Why would someone climb Carrauntoohil mountain with an angle grinder and cut down a five metre metal cross? What would have prompted such behaviour? Maybe they are opposed to the Christian faith, maybe they are avowed secularists who object to a religious symbol at the peak of Ireland’s highest mountain; maybe their reasons are much more personal, much more painful.
There is a moment in Ridley Scott’s 2005 epic film The Kingdom of Heaven where the character Balian—a crusader who has come to Jerusalem to defend the Holy City—sits on a hillside above the city, allegedly the hill of Calvary. Balian sits in the darkness and feels a complete lack of any sense of holiness. There is no sense of the presence of God in the place. Scott chose the title of the film carefully—the violence and the hatred perpetrated by the church and the crusaders contradicts everything that people might associate with heaven.
Even a superficial reading of a history of the crusades should persuade Christians that they were a dark episode in history, that they did nothing to promote faith in Jesus of Nazareth and a great deal to drive people away from anything that might be associated with Christianity. There is nothing whatsoever in the life and teaching of Jesus that would warrant the slaughter of Muslim communities, nothing that would say that the possession of particularly “holy places” was necessary to the faith (read Chapter 4 of Saint John’s Gospel and Jesus suggests quite the reverse, that “holy places” are quite unnecessary).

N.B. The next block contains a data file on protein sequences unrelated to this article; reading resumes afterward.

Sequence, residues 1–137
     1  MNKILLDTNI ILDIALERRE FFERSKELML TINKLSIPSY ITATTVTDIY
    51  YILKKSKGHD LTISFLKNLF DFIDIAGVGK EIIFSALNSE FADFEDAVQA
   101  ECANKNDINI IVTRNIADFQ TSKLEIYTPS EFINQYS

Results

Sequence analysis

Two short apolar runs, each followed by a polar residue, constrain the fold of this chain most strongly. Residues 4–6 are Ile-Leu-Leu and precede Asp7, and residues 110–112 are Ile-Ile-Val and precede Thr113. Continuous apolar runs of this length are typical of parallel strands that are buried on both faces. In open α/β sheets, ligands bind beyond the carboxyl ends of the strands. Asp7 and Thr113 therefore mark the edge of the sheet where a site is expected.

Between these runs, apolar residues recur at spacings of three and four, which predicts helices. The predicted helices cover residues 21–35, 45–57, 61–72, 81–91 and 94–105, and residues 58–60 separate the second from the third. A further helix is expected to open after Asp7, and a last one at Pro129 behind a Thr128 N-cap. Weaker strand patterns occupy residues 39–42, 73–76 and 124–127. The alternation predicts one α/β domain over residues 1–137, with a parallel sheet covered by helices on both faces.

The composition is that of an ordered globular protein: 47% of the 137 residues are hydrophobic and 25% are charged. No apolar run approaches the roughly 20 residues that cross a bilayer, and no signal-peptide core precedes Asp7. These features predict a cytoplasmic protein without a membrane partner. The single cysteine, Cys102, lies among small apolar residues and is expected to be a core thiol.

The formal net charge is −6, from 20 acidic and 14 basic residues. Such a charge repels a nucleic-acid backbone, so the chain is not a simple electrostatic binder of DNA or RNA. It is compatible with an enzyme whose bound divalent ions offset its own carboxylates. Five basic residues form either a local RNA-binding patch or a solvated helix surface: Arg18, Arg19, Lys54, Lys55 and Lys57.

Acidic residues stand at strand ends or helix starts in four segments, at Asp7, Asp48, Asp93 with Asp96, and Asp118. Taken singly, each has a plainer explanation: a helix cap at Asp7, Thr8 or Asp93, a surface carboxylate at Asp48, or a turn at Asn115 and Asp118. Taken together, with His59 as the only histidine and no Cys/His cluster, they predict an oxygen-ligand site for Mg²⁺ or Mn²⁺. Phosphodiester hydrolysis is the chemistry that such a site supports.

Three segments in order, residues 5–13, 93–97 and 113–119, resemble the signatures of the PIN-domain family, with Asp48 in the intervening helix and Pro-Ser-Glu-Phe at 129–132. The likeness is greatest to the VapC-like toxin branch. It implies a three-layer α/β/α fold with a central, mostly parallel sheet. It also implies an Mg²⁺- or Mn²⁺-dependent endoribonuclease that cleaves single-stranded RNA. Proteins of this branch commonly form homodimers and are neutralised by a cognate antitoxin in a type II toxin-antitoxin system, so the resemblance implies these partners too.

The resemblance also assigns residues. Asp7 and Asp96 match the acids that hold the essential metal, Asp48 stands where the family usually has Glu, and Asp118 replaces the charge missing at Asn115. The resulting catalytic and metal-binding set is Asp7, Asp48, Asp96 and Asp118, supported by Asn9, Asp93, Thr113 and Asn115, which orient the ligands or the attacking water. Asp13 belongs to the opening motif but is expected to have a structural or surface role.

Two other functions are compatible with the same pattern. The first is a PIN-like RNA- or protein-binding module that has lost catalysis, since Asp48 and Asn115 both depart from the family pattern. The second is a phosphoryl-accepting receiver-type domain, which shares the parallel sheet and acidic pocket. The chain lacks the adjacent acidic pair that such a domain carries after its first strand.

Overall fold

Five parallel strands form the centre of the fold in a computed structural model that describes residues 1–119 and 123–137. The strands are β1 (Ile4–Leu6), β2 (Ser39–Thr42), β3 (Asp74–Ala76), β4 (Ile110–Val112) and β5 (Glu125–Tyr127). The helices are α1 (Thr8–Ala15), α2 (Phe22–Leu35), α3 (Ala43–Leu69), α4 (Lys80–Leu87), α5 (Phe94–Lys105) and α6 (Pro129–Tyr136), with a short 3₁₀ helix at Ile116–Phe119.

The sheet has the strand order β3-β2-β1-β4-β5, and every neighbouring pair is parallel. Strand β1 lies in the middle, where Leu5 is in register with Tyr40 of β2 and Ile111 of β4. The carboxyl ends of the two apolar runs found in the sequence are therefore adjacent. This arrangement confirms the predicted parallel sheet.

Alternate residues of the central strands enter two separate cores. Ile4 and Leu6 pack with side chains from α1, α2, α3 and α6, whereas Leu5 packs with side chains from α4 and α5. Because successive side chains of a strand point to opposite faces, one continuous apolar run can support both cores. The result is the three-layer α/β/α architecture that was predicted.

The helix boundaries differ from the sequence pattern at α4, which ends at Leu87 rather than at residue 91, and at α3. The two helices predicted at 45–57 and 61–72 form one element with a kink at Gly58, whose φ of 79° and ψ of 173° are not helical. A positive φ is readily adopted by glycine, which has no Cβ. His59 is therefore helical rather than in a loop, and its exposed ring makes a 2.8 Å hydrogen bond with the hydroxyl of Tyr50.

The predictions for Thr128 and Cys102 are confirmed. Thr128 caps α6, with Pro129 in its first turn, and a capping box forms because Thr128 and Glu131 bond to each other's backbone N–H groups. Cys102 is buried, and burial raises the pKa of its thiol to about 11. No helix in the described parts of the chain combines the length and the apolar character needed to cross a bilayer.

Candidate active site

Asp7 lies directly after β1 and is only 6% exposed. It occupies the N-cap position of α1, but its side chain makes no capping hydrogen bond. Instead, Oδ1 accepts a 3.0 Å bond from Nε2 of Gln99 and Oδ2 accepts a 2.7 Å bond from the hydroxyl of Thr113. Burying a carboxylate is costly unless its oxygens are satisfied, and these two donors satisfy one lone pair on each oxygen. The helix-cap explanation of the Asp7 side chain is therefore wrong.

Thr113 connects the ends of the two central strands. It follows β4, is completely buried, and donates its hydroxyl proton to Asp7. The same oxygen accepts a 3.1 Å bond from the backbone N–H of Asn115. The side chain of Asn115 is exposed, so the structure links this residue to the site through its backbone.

For the Muslim peoples who suffered at the hands of the crusaders, the cross must have come to symbolize fear, violence, bloodshed and death, it certainly was not a symbol of life and salvation.
Unless your community was one that suffered at the hands of the crusaders, they are probably not much more than a dim and distant memory, no more than figures in medieval tombs or images in stained glass windows, but what might the cross mean for people close to home in much more recent times?
The cross, a symbol of loving service, must have assumed very different meanings for those whose lives were scarred by the treatment they received at the hands of members of religious institutions. Read the Murphy and Ryan Reports, listen to the tales told by the survivors of institutional abuse, and imagine what the chief symbol used by those institutions might mean for some of them. Had any of us endured such pain, might we not be happy to see every such symbol removed?
Bizarrely, some of the social media reaction to the Carrauntoohil story has been to say, “Muslims would not put up with this, why should we?” It is a subtle piece of religious sectarianism that tries to suggest that the cutting down of a metal cross in Co Kerry somehow has something to do with the politics of the Middle East – a strange logic that has nothing to do with faith in Jesus.
Instead of asking who might have cut down the cross, why don’t commentators ask why they might have wanted to cut down the cross? It is a question that might prompt answers altogether more painful than accusations of “secularism”.